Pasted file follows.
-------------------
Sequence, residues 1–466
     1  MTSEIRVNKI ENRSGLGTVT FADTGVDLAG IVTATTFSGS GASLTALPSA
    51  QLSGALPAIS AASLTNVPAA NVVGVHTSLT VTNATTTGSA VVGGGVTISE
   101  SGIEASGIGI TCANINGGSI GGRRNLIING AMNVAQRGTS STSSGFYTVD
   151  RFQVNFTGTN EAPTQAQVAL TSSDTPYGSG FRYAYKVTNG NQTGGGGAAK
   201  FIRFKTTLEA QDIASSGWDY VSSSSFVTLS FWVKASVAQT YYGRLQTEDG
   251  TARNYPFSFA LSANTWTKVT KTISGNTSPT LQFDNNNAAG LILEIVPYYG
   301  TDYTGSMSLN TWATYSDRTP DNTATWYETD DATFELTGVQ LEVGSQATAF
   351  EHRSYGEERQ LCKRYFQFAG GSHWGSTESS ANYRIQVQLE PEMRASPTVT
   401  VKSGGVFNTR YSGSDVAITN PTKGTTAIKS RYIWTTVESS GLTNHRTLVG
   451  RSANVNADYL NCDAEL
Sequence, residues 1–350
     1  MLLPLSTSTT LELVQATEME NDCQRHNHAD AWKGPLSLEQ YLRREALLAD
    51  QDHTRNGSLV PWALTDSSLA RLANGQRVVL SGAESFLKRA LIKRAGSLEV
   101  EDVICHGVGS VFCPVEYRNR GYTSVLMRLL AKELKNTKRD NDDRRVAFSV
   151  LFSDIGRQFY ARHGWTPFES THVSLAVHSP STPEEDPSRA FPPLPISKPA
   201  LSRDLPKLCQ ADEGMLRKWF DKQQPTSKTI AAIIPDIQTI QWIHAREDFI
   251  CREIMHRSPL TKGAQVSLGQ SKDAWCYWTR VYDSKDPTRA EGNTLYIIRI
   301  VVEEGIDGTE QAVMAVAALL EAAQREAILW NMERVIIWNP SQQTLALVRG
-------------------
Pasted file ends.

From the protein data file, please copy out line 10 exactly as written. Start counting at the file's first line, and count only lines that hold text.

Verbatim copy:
   401  VKSGGVFNTR YSGSDVAITN PTKGTTAIKS RYIWTTVESS GLTNHRTLVG